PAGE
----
Due to abrasions and vibrations caused by the cutting machines, the surface of the REC can appear foggy after eight weeks of intricate machining. To restore the vivid green colour we spent so long developing, each case must be polished and buffed. Each facet must be impeccable. It is a process that must be done entirely by hand by a single craftsman.
While pressure is needed to polish the crystal case, it is the amount of pressure that can cause disaster. Too little pressure prevents the abrasives from cutting through the hard variations on the crystal's surface. In the case of too much pressure, the crystal can shatter, edge details can be lost, and the symmetry and sharp design of the piece will be distorted.
It can be devastating and expensive to lose a REC crystal case at this stage. To prevent this, a single craftsperson polishes the case by hand from beginning to end. Only the touch of a knowledgeable craftsman can ensure the correct amount of pressure is applied to every surface.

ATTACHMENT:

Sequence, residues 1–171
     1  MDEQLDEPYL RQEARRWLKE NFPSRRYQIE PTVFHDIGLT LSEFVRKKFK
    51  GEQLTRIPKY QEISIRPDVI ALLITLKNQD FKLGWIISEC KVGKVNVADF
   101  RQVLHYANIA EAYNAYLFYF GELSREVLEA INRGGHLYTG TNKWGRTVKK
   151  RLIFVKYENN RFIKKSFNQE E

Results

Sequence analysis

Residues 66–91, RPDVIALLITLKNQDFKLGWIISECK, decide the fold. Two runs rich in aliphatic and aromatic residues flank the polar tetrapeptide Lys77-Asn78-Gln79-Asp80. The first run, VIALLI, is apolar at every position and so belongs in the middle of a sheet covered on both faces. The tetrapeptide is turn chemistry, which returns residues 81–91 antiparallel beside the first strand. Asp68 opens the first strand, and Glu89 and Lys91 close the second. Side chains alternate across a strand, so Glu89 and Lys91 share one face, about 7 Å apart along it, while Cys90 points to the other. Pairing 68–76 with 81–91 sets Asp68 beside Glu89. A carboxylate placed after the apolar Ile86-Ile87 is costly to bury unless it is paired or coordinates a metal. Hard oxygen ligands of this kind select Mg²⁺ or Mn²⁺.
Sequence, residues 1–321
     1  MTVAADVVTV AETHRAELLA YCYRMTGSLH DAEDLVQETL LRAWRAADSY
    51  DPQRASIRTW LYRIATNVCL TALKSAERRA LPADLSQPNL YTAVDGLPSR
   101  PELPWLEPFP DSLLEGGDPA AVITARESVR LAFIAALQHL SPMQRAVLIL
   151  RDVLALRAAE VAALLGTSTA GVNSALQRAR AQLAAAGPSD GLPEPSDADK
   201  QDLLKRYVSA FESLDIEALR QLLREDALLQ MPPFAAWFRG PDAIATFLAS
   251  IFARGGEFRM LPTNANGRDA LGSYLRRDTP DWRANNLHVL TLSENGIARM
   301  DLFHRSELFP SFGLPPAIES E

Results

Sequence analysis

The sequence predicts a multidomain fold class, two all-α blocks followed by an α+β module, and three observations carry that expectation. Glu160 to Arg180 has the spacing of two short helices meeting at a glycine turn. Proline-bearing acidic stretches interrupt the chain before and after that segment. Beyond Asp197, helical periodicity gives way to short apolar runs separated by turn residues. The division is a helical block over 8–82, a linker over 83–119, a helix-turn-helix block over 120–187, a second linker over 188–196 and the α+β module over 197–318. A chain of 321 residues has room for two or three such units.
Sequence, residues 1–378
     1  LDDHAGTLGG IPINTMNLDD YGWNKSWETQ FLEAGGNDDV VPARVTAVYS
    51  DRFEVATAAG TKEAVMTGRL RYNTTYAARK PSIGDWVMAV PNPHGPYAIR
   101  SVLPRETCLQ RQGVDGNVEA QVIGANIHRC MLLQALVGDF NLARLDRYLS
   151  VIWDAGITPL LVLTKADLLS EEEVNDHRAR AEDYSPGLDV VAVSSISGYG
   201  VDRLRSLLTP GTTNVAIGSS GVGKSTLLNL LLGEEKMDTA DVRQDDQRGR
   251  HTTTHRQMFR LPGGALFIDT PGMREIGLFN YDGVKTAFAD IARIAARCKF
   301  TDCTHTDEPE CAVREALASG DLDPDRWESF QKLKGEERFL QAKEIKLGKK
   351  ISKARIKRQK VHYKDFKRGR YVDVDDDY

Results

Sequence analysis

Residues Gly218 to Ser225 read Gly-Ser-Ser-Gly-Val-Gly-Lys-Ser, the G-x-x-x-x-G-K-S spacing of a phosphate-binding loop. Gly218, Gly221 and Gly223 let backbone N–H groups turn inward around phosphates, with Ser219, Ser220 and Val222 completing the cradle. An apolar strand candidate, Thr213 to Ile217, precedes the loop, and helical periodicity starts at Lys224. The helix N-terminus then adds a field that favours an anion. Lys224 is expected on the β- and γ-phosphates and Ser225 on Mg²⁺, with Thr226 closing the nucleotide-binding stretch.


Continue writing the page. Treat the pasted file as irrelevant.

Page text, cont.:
Polishing occurs in two stages:
After the machining process, the polishing process begins using fine sandpaper to even out any inconsistency or marks on the material.
Wax and Lambs wool
Wax is applied to a lambs wool polishing wheel and is used to perfect each facet of the REC case; buffing the crystal to its most brilliant form. The wax acts as a gentle cutting compound between the lambs wool and crystal to remove an extremely thin layer. Within the wax, there are microscopic abrasive particles capable of cutting and perfecting the surface of the crystal to a perfectly flat finish.
What are the risks?
- Before polishing, it is challenging to see any micro-cracks or splits in the crystal material. Polishing can expose any of these faults, or the faults can cause shattering caused by the high-frequency vibrations of the polishing wheel.
- The Perfect amount of pressure must be applied to each facet of the case; too little and it won’t polish, too much... and disaster!